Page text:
CRC must stand for Crazy Real Confusion

I’ve Come to a Reliable Conclusion upon working on CRC yesterday. Don’t try to understand what’s going on. Many walked this path before me, and yet I couldn’t look away at the promised cognitive pleasure of understanding it. In the end, I was denied this pleasure and here I am, left in frustration.

Well I might be a little bit exaggerating, but I’m sure that I’m miles away from having a grasp solid enough on CRCs to implement my own. For those who would want to do so though, this article from Barr’s group seems to stand as a reference, or at least a reliable entry point on the subject.… Read more

Working on communication data integrity

Lately I’ve been working on a way to make the communication between the STM and the ESP more reliable.

While searching on the subject, I came across two methods.

The first one made me reminisce some of the lessons we had in first year about information theory. The idea is to use a Hamming code for the messages of the protocol. This will make the communication more robust because of the properties of such a code. We plan to use a Hamming code (7,4) which means that the words will be 7 bits wide, with 4 bits of information (meaning we can go up to 16 different words, including the words with only bits at 0) and 3 bits of parity.… Read more

Catchin’ up with the posts

To hell those marbles

Last friday I mainly worked on getting the new marbles (the ones that hadn’t undergone any heating process) to the desired magnetic field values. Remember, on this post I had already manage to have the marbles we already heated at the desired value. It needed a heating time around 5 min, so I instinctively thought that for marbles that had undergone no heating, it would need a longer time. I was wrong. And not slightly wrong, but more like completely wrong.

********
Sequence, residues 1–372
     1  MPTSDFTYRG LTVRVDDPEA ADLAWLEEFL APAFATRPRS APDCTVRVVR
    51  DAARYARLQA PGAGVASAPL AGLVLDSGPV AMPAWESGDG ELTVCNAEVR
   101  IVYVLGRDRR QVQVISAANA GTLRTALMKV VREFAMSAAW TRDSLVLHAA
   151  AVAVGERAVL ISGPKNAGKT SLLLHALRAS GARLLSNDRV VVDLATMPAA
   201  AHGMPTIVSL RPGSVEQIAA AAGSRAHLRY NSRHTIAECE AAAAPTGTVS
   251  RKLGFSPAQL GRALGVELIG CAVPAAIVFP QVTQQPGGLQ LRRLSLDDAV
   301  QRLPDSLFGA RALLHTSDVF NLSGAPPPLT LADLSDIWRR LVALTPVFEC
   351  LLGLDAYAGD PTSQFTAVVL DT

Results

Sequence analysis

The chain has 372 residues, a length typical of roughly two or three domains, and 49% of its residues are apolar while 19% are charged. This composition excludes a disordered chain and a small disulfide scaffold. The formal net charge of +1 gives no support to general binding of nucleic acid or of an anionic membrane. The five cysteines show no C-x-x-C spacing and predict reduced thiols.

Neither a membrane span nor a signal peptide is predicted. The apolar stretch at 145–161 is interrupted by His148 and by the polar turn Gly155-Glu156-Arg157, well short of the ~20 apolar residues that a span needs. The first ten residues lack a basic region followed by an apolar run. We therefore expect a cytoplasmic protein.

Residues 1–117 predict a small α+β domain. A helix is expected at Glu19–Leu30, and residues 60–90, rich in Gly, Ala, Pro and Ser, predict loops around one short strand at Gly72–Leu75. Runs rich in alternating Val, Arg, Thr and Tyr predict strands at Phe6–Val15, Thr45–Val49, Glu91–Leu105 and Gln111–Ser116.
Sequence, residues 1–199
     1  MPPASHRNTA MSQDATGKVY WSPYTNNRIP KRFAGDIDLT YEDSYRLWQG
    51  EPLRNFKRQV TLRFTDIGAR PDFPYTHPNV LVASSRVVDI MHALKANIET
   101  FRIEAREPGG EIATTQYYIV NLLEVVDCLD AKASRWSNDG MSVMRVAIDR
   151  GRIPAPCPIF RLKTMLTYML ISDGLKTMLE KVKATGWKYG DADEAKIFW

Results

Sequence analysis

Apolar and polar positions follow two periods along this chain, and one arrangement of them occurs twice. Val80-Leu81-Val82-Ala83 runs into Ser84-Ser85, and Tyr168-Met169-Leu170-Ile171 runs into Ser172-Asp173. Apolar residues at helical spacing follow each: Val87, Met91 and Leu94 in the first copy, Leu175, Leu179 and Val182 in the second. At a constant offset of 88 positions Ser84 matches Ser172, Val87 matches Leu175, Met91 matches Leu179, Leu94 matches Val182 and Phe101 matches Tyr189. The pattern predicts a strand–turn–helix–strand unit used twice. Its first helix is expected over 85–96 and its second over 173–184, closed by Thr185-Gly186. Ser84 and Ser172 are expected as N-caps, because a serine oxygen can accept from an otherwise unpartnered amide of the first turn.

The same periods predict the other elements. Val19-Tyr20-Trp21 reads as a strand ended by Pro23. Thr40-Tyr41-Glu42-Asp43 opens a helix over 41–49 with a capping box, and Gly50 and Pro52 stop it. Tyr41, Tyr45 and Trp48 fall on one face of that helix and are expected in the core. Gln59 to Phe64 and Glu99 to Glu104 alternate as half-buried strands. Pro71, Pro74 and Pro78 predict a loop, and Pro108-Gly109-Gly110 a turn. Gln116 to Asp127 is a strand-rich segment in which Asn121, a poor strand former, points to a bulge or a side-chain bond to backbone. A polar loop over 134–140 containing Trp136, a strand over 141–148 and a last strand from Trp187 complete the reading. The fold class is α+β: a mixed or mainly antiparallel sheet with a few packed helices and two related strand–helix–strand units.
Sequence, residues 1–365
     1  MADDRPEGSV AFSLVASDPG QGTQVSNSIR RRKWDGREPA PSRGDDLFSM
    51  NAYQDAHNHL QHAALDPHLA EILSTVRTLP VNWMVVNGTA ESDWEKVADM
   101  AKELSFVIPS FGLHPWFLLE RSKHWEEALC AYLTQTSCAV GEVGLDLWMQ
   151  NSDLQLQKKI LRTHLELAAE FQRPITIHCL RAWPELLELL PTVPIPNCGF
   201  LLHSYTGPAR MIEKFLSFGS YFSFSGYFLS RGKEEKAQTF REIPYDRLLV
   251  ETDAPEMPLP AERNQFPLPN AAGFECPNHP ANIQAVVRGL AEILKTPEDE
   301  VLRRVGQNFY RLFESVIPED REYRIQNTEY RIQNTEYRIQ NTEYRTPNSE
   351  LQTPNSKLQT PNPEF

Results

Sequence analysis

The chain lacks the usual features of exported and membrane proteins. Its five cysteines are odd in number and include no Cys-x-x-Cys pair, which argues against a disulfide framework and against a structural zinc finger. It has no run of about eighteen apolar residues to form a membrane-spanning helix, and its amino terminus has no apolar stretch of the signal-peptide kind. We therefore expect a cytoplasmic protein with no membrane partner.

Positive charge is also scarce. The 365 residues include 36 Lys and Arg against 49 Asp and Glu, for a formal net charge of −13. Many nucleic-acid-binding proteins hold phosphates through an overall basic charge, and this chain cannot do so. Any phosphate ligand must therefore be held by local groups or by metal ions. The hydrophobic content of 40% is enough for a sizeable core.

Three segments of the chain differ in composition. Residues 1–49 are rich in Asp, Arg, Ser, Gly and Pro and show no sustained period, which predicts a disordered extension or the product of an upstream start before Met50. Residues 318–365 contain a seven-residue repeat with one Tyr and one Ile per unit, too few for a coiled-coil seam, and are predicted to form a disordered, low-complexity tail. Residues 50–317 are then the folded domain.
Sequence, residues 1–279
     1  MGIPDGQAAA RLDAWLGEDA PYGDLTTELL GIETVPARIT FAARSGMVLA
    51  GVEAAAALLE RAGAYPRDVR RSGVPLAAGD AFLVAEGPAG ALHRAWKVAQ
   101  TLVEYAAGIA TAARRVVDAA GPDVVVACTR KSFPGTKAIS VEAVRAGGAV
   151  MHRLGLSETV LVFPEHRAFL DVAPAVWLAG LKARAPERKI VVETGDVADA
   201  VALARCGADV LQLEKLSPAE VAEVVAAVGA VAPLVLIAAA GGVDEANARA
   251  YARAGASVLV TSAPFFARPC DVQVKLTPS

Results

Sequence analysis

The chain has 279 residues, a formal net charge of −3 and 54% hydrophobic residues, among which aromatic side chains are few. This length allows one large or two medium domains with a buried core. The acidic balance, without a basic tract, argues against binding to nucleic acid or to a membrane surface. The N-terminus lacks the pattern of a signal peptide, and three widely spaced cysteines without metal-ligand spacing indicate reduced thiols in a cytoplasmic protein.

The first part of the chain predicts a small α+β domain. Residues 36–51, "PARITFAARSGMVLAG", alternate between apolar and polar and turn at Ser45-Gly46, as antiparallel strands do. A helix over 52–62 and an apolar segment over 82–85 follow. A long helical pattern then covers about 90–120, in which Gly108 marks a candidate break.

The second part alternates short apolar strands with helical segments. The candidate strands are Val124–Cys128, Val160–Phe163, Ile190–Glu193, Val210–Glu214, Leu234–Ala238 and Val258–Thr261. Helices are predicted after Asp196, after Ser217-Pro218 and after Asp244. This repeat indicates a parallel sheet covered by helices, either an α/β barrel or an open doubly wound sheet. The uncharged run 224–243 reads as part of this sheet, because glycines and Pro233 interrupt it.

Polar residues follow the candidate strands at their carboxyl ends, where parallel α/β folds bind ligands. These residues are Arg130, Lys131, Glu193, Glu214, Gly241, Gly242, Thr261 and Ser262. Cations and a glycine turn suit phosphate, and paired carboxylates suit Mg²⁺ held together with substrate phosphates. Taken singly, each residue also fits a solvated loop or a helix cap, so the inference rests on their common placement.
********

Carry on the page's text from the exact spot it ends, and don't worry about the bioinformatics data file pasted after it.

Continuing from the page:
So I started heating at 300°C for 6 mins, it was too much and the magnetic field almost completely disappeared (barely noticeable).… Read more

It’s summertime for our marbles (more like Venus’ summertime)

Wednesday I worked on trying to have all our marbles with roughly the same magnetic field, something around 20-40 arbitrary unit (as measured by the sensor).

After slightly changing the mount so I could have the marbles on a fixed point, I went on and measured the magnetic field of all our marbles. Because our marbles were heated with different processes we had a wide range of values.

With this montage the marble is centered and stationary over the coils and therefore above the sensor.

With this montage, I sorted the marbles going from 20-40, 40-60 and so on to 100-120 a.u.… Read more

Working on a pre-alpha v0.01 backbone

After finding a configuration that could do the job as discussed on the previous post, we needed to validate it.

To do so and as such, to decrease randomness and have the best repeatability possible, I started working on some kind of mount. After a little while I had a first version of this and did some measurement with the Hall sensor. I noticed that the positioning of the Hall sensor was unpractical as it was free to move.

That’s why I did some laser cutting and cut a hole to fit the breadboard in it in a wooden plank, just under the coils.… Read more

And if you still don’t succeed, try and try again

After trying to reproduce the results we had in this post we noticed some problem of repeatability. It was less frequent than the previous but still at a level we couldn’t ignore and that would cause future problem.